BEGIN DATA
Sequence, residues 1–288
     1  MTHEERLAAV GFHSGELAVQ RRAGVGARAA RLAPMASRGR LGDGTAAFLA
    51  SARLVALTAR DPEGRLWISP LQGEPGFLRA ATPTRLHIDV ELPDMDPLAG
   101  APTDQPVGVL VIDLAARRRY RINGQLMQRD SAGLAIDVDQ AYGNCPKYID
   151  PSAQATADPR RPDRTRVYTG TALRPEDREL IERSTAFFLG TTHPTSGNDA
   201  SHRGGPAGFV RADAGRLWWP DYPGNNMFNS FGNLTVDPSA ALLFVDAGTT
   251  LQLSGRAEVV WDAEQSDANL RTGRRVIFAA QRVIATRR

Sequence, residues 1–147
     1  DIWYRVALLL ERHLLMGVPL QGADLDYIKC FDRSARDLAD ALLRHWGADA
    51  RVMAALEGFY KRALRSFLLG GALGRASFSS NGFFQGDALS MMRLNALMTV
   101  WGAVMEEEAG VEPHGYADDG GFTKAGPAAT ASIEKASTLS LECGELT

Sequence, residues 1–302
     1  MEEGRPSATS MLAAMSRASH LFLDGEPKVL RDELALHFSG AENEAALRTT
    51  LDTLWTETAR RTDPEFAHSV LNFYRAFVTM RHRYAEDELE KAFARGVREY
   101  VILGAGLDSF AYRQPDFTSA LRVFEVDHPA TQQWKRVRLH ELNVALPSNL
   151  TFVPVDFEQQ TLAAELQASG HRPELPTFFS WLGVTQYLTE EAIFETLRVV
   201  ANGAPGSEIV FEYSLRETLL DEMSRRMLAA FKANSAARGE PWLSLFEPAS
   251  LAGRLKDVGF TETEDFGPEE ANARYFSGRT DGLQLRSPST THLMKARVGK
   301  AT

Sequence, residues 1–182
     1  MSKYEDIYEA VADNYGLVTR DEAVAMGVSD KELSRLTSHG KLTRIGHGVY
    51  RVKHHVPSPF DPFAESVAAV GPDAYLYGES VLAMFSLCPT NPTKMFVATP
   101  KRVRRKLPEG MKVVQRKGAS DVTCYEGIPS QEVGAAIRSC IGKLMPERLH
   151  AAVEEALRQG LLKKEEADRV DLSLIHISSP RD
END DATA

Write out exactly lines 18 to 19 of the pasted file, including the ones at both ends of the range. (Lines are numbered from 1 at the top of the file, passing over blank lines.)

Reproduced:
   251  LAGRLKDVGF TETEDFGPEE ANARYFSGRT DGLQLRSPST THLMKARVGK
   301  AT